A full 20 percent of all refugees who were resettled in Minnesota tested positive for tuberculosis, adding another wrinkle to the argument that America should swing wide its doors to all comers.
While only about 4 percent of Americans have tested positive for “latent tuberculosis,” that number is five times greater in immigrants who are resettled here, according to the Minnesota Department of Health.
Minnesota had 150 cases of TB in 2015, compared to 147 cases in 2014 (a 2 percent increase). The most common risk factor for TB cases in Minnesota is being from a country where TB is common.
TB screening is offered to all refugees during the domestic refugee health exam.
In 2014, 22 percent of refugees screened tested positive for LTBI (latent tuberculosis infection).
More than one-quarter of all foreign-born TB cases are from Somali-born refugees, Breitbart is reporting.
Over the last 30 years, the United States has granted refugee status to about 70,000 people every year.
Refugees aren’t just coming over with TB either. In Memphis, a measles outbreak began at a mosque in Memphis, Tennessee– traced back to the local refugee resettlement center.
The alarming public health report from Minnesota comes on the heels of news from the Centers for Disease Control that in 2015, the incidence of tuberculosis in the United States increased.
“Data from 2015 show that the number of TB cases has increased (by 1.7 percent) nationally [in the United States] for the first time in 23 years, with a total of 9,563 TB cases reported,” the Minnesota Department of Health reports.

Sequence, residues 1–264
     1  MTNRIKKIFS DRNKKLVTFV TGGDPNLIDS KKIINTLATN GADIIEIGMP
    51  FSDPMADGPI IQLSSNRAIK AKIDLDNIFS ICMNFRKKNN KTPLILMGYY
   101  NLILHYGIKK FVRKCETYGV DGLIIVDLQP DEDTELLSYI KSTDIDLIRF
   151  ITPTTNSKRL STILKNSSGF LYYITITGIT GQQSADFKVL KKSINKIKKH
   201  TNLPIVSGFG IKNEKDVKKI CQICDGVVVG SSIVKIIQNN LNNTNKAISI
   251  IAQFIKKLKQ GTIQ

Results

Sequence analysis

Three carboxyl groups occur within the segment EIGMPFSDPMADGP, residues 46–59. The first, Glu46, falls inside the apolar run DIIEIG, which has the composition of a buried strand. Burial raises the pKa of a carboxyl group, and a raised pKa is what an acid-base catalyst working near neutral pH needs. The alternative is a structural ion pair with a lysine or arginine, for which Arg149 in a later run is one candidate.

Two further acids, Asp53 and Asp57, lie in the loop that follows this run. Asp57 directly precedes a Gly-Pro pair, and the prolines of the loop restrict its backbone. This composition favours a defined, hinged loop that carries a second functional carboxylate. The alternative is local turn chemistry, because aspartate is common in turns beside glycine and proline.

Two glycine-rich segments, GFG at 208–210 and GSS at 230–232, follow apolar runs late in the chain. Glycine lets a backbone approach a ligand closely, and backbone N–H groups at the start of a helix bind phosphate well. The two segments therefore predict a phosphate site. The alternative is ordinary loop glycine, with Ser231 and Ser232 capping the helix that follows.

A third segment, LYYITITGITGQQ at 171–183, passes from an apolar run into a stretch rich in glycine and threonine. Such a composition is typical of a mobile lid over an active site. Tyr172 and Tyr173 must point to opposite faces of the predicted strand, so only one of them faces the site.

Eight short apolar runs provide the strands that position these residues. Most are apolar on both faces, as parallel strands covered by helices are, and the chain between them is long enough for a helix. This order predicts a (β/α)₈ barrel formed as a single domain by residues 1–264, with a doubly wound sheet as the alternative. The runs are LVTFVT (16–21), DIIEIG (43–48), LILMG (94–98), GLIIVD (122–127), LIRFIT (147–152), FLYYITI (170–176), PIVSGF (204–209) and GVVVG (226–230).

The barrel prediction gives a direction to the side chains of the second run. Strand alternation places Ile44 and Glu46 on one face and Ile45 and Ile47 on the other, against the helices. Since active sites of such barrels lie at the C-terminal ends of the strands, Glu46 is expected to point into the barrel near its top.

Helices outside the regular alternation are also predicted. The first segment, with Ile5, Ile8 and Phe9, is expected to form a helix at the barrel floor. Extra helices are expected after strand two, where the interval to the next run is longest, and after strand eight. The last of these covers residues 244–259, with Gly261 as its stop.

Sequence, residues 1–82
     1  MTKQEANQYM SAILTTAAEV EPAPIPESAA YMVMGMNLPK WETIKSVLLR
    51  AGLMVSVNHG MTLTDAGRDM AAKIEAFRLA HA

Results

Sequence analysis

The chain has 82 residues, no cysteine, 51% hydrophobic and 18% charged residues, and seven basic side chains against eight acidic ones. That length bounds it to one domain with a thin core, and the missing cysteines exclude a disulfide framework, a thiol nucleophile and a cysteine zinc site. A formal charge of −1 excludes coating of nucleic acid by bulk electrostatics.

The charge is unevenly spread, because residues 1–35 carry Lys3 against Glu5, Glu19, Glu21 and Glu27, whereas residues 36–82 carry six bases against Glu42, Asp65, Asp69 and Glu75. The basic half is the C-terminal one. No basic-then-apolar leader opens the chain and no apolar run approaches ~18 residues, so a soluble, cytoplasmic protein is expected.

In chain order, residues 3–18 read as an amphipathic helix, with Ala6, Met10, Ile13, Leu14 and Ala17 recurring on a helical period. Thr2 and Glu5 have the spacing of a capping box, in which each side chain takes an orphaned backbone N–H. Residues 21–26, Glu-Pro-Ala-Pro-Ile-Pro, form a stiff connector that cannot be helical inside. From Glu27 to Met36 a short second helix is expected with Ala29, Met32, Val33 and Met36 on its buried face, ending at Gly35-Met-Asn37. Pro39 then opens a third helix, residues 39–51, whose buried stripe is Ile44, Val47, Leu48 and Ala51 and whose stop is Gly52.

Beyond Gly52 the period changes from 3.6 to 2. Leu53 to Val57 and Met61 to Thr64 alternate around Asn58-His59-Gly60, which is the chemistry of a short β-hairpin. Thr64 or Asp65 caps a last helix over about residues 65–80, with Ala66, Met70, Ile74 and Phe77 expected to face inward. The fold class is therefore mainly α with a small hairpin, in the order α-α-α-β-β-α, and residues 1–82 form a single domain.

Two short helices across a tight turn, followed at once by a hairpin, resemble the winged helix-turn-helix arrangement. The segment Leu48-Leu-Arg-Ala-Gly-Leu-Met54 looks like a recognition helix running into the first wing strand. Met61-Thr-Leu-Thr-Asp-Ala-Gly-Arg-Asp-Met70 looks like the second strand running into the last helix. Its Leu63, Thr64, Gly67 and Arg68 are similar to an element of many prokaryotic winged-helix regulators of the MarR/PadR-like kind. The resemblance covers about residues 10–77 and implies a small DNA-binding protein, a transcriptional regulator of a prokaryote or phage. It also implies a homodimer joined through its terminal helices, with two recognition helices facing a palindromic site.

26 percent of all foreign born cases of tuberculosis in Minnesota were from people born in Somalia. Somalians almost exclusively enter the state through the refugee resettlement program.
Four states are responsible for more than half the nation’s active TB cases: California, New York, Texas and Florida– all popular resettlement states.
A person with latent tuberculosis is not infectious and does not have symptoms of the disease. A person with active tuberculosis is infectious and has symptoms of the disease.
Ten percent of those with latent tuberculosis develop active tuberculosis if not treated, according to the World Health Organization.
“Eliminating TB in the U.S. will require increased attention to the diagnosis and treatment of latent TB infection (LTBI),” the April 2016 Refugee Health Quarterly reports.